Thus, Crossing the Border is generally acknowledged by scholars as a fundamental book that chronicles the history of Buxton, one of the most successful all-black settlements in nineteenth-century Canada. In her work, Sharon A. Roger Hepburn traces the evolution of educational institutions, businesses, and political structures in Buxton in the mid-1800s and the focus of the author is on the degree to which black settlers achieved autonomy and the control over their lives in a hostile white environment. The author undertakes an important study of Buxton, Ontario, through a comprehensive study of the manuscripts, newspapers, census records, deeds, maps, and other materials and she is effective in recreating a detailed story of the Black Canadian community through the lives of individual people. According to the author, the Black Canadian community, roughly twelve miles south Chatham, close to the shores of Lake Erie in Raleigh Township, Kent Country, espoused freedom and hope for the future and accepted blacks who were single, married, and widowed; young and old; male and female; freeborn and fugitive. "This study chronicles Buxton from its conception and founding through its first decade. A group of individuals, united in their determination to build a heaven for those fleeing slavery and repressive legal statutes, formed themselves into a community that offered social and economic opportunity. Overcoming initial opposition from neighboring whites and backed by the Presbyterian Church of Canada and philanthropic Canadians of both races, Buxton grew steadily in population and stature." (Hepburn, 1) Therefore, Hepburn provides a convincing account of the Black Canadian community settlement in Buxton, Ontario, and she is effective in explaining why Buxton succeeded when other settlements failed.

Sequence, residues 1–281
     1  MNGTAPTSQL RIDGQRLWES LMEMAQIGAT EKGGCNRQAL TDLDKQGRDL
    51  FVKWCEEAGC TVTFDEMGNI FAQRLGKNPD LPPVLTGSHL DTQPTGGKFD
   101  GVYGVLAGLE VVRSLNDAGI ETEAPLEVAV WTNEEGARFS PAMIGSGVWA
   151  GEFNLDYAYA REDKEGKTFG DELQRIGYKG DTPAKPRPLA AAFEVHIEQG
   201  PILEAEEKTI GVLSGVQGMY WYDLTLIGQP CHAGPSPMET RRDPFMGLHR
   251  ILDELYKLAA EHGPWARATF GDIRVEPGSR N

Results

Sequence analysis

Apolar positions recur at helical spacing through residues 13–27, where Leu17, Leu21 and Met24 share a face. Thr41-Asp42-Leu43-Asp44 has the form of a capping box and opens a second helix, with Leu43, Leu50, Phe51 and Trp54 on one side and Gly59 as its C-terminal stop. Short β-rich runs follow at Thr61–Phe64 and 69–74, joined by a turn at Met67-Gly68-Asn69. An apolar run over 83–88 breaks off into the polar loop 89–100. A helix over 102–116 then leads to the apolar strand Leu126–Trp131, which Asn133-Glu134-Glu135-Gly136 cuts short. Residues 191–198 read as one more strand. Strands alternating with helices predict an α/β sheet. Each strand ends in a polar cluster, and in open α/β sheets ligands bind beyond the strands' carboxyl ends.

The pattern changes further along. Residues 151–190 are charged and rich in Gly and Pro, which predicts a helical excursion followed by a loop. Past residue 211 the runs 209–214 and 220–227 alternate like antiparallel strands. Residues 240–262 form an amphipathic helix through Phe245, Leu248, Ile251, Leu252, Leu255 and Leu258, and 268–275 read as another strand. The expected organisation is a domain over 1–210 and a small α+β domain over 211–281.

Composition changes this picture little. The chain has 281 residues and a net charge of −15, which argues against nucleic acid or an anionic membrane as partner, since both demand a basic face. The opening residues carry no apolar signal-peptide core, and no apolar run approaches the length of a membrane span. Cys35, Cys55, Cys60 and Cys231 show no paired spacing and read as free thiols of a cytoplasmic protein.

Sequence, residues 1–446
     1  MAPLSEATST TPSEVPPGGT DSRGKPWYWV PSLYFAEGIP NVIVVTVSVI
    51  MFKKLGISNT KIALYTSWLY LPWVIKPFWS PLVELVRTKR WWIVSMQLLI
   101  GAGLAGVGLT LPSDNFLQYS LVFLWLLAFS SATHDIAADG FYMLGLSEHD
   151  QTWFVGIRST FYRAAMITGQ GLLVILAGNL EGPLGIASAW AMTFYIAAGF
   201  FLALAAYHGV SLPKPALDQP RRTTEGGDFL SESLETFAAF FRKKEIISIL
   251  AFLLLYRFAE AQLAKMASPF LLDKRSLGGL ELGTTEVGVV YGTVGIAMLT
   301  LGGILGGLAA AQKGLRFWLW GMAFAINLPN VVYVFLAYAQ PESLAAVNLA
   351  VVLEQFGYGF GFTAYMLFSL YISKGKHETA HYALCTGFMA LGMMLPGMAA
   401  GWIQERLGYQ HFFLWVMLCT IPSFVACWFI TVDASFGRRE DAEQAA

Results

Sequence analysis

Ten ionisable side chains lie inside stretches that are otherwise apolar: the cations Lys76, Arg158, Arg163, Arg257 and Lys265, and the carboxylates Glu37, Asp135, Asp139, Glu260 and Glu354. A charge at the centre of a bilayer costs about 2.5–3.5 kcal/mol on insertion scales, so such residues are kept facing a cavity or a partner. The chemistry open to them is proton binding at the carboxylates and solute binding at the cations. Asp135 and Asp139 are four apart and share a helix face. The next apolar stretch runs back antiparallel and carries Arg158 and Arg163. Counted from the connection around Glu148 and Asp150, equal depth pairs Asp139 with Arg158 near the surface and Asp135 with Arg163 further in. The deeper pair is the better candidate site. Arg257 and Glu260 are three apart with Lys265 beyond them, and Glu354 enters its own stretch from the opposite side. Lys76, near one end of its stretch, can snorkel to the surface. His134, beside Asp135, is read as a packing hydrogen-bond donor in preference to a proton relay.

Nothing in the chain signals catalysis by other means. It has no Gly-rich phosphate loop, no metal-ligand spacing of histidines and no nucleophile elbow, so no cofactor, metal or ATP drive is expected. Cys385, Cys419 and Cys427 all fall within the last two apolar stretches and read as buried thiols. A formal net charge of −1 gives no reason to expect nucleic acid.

A careful reading of Crossing the border: A free Black community in Canada by Sharon A. Roger Hepburn confirms that the author eloquently traces the development of Buxton from its conception and founding, and her main focus is to give an explanation for its status as the 'most successful all-black community established in Canada before the U.S. Civil War.' In her attempt to establish the point that the Black Canadian community was the most successful all-black community established in Canada, the author compares this community with similar communities in Canad